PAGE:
/32 route being passed over ipSec when told not to?
ZPrime last edited by
I'm not sure if this is a bug or "expected behavior"…
I have an IPSec VPN back to my corporate office that has a pair of /16 phase 2 entries - 192.168.0/16 and 10.0/16. My LAN itself is 192.168.42/24, and I don't use that subnet anywhere at corporate.
I'm on a cable modem for WAN. I wanted to check the diagnostics - 192.168.100.1. So I added a static route - 192.168.100.1/32 via the WAN interface.
This isn't working, and I'm not sure why. I can see the route entry on the firewall (route get), but I can't pass traffic to that IP and a traceroute from a client on the LAN is still trying to go via the VPN.
If I drop the tunnel it works, so it is something related to IPSec.
Is this expected, and if so any work-arounds I can try?
Static routes have no effect on traffic that matches an IPsec phase 2 definition (SPD). SPD entries in IPsec trump all.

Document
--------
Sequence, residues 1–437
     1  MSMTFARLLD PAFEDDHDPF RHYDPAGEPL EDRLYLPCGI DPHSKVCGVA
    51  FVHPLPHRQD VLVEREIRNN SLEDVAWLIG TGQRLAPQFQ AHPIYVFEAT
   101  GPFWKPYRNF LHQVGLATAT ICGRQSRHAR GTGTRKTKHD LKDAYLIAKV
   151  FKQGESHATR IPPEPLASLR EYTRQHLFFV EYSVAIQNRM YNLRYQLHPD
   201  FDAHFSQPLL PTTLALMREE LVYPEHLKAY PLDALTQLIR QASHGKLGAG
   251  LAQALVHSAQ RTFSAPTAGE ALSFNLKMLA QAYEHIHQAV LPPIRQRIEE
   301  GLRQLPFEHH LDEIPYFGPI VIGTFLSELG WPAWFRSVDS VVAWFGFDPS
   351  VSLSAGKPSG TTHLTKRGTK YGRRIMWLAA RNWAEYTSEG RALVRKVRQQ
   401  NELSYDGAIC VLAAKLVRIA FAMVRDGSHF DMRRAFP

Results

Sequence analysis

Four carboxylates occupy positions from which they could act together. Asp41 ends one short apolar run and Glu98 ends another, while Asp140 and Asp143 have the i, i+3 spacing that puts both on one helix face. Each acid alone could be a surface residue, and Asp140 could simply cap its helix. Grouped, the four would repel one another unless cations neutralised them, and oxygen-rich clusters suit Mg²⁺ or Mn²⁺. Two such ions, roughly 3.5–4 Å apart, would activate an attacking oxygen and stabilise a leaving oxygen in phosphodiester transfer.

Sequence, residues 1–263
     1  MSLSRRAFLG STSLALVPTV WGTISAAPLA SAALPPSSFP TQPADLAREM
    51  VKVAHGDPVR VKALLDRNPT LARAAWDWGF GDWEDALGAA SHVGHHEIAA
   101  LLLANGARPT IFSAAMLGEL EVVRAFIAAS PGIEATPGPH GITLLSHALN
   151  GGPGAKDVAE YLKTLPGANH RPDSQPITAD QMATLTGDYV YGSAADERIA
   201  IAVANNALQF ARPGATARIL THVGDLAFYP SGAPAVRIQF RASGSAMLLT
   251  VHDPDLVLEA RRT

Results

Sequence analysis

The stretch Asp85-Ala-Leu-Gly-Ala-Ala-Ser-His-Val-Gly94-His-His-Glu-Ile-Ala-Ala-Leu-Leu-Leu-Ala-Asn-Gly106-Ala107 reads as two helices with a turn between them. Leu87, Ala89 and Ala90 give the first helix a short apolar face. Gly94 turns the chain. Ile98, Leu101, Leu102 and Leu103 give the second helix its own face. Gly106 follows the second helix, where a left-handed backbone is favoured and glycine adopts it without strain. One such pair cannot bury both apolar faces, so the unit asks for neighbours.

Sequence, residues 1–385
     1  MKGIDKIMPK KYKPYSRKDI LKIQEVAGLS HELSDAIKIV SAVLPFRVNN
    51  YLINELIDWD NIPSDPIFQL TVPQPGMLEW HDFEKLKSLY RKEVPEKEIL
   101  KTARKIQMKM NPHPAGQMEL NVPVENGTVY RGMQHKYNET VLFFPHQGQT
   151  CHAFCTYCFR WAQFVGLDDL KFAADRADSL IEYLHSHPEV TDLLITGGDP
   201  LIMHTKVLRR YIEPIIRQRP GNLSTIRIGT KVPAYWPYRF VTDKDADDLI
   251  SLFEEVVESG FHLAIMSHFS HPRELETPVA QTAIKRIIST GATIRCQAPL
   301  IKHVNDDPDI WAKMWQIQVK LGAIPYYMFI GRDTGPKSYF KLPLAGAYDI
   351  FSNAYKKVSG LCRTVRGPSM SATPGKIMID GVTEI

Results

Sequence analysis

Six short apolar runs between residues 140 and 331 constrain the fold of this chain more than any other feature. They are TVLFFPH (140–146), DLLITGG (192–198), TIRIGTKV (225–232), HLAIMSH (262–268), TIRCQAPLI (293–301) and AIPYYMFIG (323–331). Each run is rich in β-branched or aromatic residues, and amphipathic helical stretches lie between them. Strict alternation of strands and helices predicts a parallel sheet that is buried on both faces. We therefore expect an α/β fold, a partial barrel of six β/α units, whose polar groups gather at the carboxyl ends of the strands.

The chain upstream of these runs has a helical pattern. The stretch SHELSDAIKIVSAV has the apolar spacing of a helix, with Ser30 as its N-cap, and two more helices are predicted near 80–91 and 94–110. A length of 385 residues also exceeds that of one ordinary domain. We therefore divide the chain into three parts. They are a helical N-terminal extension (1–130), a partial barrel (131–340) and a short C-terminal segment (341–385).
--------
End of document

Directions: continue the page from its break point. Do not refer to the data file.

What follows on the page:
There won't be a way to make that work as you expect, not unless you can get more specific IPsec tunnel networks that wouldn't cover 192.168.100.1
ZPrime last edited by
Thank you Jim, I appreciate the reply.
The remote side is a Palo Alto firewall which is capable of both SPD-based ("policy-based") as well as so-called "route-based" VPNs. I'm guessing there is no way to do a route-based VPN with pfSense?
I have the broad VPN tunnel in place because I was trying to avoid adding an SPD for every remote subnet at corporate - these are all MPLS sites on /24s that are sent back to the corporate Palo Alto via BGP. Rather than me manually having to maintain the tunnel and add SPDs each time we add a remote site (which is regularly as the business keeps growing), I just used /16s in the tunnel with the assumption that it would obey static routes and more specific routes would take precedence over the tunnel (like basically every other router/firewall I've worked with).
It is very handy for me to be able to poke the remote MPLS sites across the tunnel so I can access things from home without an additional stop between (RDP / SSH to something at the office first).
If I could do a route-based tunnel, I could then also carry a routing protocol (either OSPF or BGP) and get the correct set of routes directly from the Palo Alto instead.
If pf can't handle this, then I guess I'll have to consider a secondary router just for the VPN traffic.